Many years ago, as a young volunteer firefighter I went to a particularly nasty fatal job. It was one of those ones that lives on with you long after the truck is back in the shed. A heavy vehicle lost control on a steep arterial road and hit several cars before crashing into a house. There were multiple deaths at the scene, including a child. I was directly involved in the search and extrication of the deceased.
Truth be told, I shouldn’t actually have been there. I was supposed to have left the District Office, where I worked, five minutes before the call came in, but I was running late and the ‘000’ buzzer sounded as I was packing up my things.
I was just 18.
It was a defining moment in my life and one that significantly shaped my future and influenced relationships with family and friends in the aftermath. Sometimes, even now, I can still hear the trip of the buzzer and the flash of the yellow ‘job’ activation light. I can also vividly recall the sounds of the grief stricken on site.
Looking back, I struggled through dealing with the days, weeks and months following that accident. And with the understanding that comes with age, I know I was woefully underprepared for what it would do to my mental wellbeing.
To this day, talking about it can bring up feelings, emotions and memories I need to acknowledge and accept with kindness and care. I’ve talked to the professionals and am very lucky to have life long friendships with those who were with me on the truck that day.
I am a strong advocate for mentor support and a ‘buddy partnership’ for all new members of emergency services, but in particular, those under the age of 25. The nature of what we are asked to do for our communities has become more and more challenging over the last three years especially. I often think about how someone with a fresh ‘Basic Firefighter’ or ‘Job Ready’ qualification may deal with the enormity of what they may face, be it a motor vehicle collision, an industrial rescue job, a wall of metres high flames or the depths of fast flowing flood waters.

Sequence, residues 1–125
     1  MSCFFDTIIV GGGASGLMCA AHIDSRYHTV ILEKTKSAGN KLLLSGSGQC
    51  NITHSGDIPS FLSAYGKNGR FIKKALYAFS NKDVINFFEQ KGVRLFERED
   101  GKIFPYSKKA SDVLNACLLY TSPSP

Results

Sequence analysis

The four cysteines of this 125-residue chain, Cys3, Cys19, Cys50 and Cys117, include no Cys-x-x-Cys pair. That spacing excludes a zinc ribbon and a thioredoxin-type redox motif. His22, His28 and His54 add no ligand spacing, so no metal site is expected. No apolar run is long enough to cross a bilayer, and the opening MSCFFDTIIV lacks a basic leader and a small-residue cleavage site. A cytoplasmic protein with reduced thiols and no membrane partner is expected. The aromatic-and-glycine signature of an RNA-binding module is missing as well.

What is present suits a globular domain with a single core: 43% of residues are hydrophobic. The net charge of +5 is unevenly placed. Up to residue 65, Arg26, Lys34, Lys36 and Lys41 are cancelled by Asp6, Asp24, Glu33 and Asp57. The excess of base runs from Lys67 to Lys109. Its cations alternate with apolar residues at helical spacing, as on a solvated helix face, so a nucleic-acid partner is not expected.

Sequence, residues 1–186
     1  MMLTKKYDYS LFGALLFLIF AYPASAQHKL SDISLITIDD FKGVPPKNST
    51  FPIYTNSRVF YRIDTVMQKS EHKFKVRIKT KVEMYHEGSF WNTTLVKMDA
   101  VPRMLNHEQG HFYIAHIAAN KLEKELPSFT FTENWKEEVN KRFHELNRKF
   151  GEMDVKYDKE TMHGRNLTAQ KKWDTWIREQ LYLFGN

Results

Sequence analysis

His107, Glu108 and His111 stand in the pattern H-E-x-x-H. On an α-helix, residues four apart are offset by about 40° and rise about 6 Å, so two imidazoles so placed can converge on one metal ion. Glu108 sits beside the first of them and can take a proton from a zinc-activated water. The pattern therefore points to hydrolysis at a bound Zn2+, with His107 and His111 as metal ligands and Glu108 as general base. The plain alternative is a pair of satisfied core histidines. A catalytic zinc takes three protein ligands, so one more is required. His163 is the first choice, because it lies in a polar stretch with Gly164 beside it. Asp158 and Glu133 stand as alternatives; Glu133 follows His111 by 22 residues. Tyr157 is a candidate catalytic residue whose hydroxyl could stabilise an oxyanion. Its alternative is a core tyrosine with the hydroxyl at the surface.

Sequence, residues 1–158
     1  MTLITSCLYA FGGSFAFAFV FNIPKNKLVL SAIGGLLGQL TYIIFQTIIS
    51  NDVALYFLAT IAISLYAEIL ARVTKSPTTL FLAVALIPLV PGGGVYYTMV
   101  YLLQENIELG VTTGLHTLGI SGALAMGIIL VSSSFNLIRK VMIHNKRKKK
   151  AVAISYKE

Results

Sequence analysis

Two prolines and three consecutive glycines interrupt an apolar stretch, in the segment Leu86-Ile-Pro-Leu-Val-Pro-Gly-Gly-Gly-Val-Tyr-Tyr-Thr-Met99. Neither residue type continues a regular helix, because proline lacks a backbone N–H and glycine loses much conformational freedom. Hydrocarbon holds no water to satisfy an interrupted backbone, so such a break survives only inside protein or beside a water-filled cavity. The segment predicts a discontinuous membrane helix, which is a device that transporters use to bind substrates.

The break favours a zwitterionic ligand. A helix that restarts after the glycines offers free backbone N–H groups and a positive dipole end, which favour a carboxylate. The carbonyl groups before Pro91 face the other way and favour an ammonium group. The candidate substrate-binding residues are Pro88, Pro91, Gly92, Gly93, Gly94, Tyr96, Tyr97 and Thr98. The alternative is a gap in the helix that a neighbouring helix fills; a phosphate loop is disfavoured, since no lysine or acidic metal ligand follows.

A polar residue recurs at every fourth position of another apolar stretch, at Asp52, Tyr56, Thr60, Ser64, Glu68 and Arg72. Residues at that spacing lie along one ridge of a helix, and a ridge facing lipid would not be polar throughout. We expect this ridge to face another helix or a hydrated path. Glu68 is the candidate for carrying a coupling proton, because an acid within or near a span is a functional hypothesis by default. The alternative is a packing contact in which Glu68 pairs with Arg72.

Quality formal training and knowledge sharing are both important ingredients in a capable and resilient emergency response workforce, but they need to be flavoured with informal peer support and regular mental wellbeing guidance. Our physical strength and fitness is essential, however the ability for our mind to process what it has seen, heard and smelled is even more vital.
The Bushfire and Natural Hazards CRC has just published its research into the mental health and wellbeing of young emergency services personnel. In addition to the report, the project team developed a practical and useful framework and supporting resources to help establish and foster an environment for positive mental health and wellbeing in young adult (16-25 year old) fire and emergency service volunteers. The resources can be adapted for use at an individual, brigade/unit or organisational level, in order to “minimise the short and long term impacts of exposure to potentially traumatising events, and to maintain and promote mental health and wellbeing more generally”.
You can read the final Positive mental health in young adult emergency services personnel report and access the supporting resources on the AFAC website at https://www.bnhcrc.com.au/resources/volunteer-mental-health.
Include a mental health ‘check up’ with your team on the agenda of the next meeting you have together. Giving members a regular 15 minutes to check in with a team mate to hear how things are going, what they have kept busy with during lockdown and how they feel about coming back to training nights and meetings will help people feel more confident about reaching out when they need it most. It also builds a stronger team environment for when they need to rely on and trust each other during incident response.
* This training activity involved volunteers as ‘injured persons’. The person in the car is my brother. He was not hurt in the process. 🙂